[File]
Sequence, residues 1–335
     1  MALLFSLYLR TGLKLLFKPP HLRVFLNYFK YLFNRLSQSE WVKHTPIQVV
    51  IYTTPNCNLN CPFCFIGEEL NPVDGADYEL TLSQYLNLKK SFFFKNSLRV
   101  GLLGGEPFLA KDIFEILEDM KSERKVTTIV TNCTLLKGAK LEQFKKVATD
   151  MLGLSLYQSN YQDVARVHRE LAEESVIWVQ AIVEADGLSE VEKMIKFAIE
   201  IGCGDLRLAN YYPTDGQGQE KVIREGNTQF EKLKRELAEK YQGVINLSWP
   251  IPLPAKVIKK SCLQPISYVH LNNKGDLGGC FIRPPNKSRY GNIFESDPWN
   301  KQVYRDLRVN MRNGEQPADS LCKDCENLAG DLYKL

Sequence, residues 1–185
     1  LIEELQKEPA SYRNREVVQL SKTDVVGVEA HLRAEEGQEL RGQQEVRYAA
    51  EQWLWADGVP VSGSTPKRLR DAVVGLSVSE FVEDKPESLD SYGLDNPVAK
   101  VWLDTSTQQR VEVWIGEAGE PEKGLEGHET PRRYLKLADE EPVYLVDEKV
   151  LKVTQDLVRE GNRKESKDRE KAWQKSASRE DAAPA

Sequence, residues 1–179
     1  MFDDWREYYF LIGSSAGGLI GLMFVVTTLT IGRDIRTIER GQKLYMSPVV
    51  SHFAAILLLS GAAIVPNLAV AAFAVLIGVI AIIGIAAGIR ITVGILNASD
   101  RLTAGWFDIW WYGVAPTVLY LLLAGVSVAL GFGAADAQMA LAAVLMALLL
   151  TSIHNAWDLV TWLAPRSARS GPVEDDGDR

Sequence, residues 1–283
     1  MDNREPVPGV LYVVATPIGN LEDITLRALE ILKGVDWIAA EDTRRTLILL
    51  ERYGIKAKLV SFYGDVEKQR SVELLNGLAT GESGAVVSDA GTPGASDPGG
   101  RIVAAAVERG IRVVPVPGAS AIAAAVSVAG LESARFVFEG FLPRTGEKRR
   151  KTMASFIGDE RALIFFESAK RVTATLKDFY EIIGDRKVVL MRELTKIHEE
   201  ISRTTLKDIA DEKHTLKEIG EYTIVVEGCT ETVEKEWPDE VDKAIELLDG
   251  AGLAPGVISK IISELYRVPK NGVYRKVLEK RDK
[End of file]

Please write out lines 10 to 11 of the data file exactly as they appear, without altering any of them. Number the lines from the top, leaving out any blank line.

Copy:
     1  LIEELQKEPA SYRNREVVQL SKTDVVGVEA HLRAEEGQEL RGQQEVRYAA
    51  EQWLWADGVP VSGSTPKRLR DAVVGLSVSE FVEDKPESLD SYGLDNPVAK